Asthma and Allergies

What Are Seasonal Allergies and How to Counter Them

By Sarah Bivens, MSN, APRN, FNP-BC

Spring is in the air, the sun is shining brighter and the birds are returning. This also means that eyes are watering, noses are running and irritated throats act like mucus superhighways. With springtime comes seasonal allergies for millions of Americans from coast to coast. Many also suffer through occasional asthma flare-ups, coughing fits and seemingly non-stop sneezing. For their significant others, the snoring and grumbling return like out-of-town relatives at Thanksgiving. What to do; what to do?

Grab your Kleenex and read along as we discuss what allergies are and some ways to counter their attempts to ruin your day.

What are they and why?

When you breathe in (or come in contact with) an allergen, your body mistakes it as a harmful substance and treats it accordingly. Your immune system kicks in to remove the allergen or protect you from the perceived harm, causing bothersome allergy symptoms. Symptoms can vary from very mild to severe and can even be life-threatening in certain circumstances. Allergens can affect the skin, digestive system, airways, nasal passages… you get the picture. The reactions kicked in by the immune system trying to protect you actually feel like harm.


The best way to prevent allergic reactions is to learn what you are allergic to and then do your best to steer clear of it. This might not be possible depending on the allergen. If you have a history of severe or life-threatening allergic reactions, it may be a good idea to have a medical bracelet. The bracelet can alert others should you have a severe reaction and cannot communicate.

Wearing a mask not only helps reduce the spread of viruses like COVID-19 and influenza but also significantly reduces the allergens (i.e., pollen) breathed in, and because of that, masks reduce the severity of seasonal allergy symptoms. Wearing a clean mask (washed cloth, disposable, N95, etc.) when you go outside for a walk, while you’re gardening or whatever activity takes you outside, will cut down the suffering caused by seasonal allergies.

If avoiding and filtering the allergens that bother you still results in persistent symptoms, maybe sometimes debilitating exacerbations, talk to your primary care provider to see if allergy testing is right for you. When an advanced understanding of your sensitivities is gained, options such as shots, sublingual drops or even a simple pill can provide sustained relief and lower risks.

For asthmatics, allergy season can be particularly challenging as an allergic trigger can set off a sudden asthma attack. The American Academy of Allergy, Asthma and Immunology urges asthma patients to take all medications as prescribed, even when no asthma symptoms are present. Medications fall into two categories:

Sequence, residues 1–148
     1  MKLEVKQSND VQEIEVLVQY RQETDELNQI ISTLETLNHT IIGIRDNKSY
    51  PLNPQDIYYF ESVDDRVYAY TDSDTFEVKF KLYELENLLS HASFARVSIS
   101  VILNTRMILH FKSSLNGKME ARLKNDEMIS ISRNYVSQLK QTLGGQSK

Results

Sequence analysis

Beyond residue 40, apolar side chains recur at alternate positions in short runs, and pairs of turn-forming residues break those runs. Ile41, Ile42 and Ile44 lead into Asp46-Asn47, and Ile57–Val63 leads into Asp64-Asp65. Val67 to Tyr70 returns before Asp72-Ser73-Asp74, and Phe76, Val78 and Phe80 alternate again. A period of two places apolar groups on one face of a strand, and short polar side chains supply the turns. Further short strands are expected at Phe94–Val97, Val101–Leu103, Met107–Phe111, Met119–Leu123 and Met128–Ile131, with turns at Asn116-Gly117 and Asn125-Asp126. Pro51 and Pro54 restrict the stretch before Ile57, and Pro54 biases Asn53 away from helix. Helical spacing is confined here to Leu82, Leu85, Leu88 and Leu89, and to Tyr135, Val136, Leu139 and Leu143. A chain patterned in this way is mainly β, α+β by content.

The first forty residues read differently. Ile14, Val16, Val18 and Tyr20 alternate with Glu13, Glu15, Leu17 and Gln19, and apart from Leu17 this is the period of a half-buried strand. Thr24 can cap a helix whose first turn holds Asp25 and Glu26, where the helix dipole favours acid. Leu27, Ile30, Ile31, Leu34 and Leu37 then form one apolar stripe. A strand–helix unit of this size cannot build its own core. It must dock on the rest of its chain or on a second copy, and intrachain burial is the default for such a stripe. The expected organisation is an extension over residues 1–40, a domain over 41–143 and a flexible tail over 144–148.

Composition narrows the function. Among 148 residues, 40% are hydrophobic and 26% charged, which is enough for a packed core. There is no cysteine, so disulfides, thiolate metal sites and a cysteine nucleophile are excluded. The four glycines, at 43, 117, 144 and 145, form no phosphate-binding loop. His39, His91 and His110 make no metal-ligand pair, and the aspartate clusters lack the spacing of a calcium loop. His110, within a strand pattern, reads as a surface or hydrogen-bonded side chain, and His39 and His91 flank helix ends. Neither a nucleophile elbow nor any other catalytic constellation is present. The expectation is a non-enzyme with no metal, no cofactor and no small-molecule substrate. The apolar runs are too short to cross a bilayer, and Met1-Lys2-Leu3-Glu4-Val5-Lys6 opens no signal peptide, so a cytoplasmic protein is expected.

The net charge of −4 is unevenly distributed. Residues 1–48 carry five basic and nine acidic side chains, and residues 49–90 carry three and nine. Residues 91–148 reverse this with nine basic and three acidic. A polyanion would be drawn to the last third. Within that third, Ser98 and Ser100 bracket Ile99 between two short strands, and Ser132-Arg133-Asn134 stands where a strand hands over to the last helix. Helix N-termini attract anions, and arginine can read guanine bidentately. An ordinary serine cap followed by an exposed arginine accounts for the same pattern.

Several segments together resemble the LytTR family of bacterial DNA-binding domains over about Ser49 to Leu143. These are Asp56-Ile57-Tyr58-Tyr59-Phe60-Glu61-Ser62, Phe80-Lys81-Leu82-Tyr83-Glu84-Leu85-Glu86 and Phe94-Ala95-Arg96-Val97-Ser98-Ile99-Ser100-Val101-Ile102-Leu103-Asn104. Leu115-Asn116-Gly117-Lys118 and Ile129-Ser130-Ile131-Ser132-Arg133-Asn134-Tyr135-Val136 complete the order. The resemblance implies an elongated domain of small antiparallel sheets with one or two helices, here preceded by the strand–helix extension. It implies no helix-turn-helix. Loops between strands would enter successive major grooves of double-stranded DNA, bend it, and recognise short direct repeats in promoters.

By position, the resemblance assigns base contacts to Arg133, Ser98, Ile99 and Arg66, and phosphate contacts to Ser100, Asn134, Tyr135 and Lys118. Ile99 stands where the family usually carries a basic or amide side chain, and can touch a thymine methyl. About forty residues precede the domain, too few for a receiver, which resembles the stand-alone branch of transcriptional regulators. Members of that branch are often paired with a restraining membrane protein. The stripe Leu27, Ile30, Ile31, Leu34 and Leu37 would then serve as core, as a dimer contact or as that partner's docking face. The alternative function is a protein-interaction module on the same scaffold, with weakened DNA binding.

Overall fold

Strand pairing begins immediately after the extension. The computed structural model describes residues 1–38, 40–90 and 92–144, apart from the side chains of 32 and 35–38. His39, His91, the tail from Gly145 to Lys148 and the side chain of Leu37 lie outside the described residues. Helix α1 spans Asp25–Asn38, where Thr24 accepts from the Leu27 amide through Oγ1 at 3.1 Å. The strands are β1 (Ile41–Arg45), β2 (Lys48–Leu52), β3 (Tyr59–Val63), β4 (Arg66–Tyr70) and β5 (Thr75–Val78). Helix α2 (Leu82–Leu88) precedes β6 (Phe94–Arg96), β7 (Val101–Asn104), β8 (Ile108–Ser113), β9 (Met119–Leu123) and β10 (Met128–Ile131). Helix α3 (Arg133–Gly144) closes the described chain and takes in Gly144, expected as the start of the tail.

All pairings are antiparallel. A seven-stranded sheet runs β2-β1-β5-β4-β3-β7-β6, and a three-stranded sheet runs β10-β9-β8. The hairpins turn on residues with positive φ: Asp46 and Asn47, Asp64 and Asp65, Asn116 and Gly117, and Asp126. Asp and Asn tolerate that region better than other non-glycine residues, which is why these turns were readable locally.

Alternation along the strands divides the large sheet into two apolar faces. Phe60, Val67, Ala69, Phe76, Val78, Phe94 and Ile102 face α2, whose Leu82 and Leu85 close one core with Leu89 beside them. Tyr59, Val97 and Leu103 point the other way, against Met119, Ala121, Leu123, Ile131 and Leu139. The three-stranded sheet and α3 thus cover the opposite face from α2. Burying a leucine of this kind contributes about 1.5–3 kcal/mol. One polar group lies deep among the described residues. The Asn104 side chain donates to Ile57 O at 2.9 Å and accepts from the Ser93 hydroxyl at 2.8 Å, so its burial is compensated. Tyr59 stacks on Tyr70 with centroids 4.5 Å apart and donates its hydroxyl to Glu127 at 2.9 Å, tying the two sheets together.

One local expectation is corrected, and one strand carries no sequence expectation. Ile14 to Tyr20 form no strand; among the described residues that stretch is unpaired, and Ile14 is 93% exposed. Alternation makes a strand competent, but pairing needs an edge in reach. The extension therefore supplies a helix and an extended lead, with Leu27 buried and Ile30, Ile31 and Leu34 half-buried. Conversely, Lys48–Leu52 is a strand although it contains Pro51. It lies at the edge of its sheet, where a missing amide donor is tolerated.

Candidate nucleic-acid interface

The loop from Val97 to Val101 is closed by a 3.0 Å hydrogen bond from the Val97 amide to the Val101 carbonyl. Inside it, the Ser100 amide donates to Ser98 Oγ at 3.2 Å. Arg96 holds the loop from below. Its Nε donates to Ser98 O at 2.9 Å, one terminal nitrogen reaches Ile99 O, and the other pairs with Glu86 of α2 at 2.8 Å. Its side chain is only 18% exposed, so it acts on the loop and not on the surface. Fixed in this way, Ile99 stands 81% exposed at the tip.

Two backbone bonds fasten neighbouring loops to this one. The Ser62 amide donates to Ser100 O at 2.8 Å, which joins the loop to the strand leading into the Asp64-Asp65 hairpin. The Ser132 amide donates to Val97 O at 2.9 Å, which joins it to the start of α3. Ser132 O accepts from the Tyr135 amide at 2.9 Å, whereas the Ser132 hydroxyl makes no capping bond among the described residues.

• Long-term (maintenance) medications strive to prevent flare-ups and help control asthma. They primarily reduce inflammation and swelling in the lungs.
  • Short-term (rescue) medications are used to relieve symptoms during a flare-up or before exercising.

NOTE: If you are using short-term medications (rescue inhalers) more than twice a week, ask your provider if changes to your treatment plan are needed to better control your asthma.

If you have allergies, there are plenty of over-the-counter medications to choose from. Some of the most common types are:

  • Antihistamines to stop itching, sneezing and a runny nose
  • Antihistamine eye drops to help with itch or gritty feeling
  • Decongestant to reduce stuffy nose
  • Nasal Decongestant
  • Steroid nasal spray

When it comes to medications, you may not want to take any that cause you to feel listless or wired. Can allergy supplements offer an alternative with fewer side effects?

According to David Rakel, MD, founder and director of the University of Wisconsin Integrative Medicine Program, “Honestly, the pharmaceuticals often work a little better. But there are some [supplements] out there that can help.” This sentiment is often repeated by other experts in the field.

But you need to be careful which supplements you try. Like allergy medication, some supplements can help by blocking the chemical reactions that result in allergy symptoms. However, depending on your sensitivities and other medications you may be taking, some could actually trigger an allergic reaction.

ALWAYS talk with your primary care provider before adding new supplements.

Here are a few commonly recommended natural supplements:

Butterbur does not cause sleepiness, a common side effect of antihistamines and an extract of butterbur root relieves nasal symptoms comparably to OTC antihistamines (like Zyrtec or Allegra). This herb blocks some of the chemicals which trigger swelling in nasal passages similar to the way Singulair works.

Note: Eating raw butterbur root is dangerous. Ensure your supplements are labeled UPA-free.

Quercetin helps block the release of inflammation-causing histamine. This herbal helper is found in wine, fruits and vegetables. It joins with carotene and vitamin K in Stinging Nettle. Stinging Nettle is frequently touted as helping at the first signs of allergic symptoms – but be sure to get extracts from the leaf and not the root.

Note: Be very cautious with bitter orange (also called Citrus aurantium), often sold as a decongestant because it behaves similarly to ephedra. Serious side effects can include an increased risk of high blood pressure, heart problems and stroke.

Springtime ushers in some of the best and most enjoyable parts of the year. And for many, it brings allergies, too. You can maximize the best and minimize the rest by consciously avoiding allergens, masking to create a barrier and working with your primary care provider to navigate a plan that may include medication and/or supplements.

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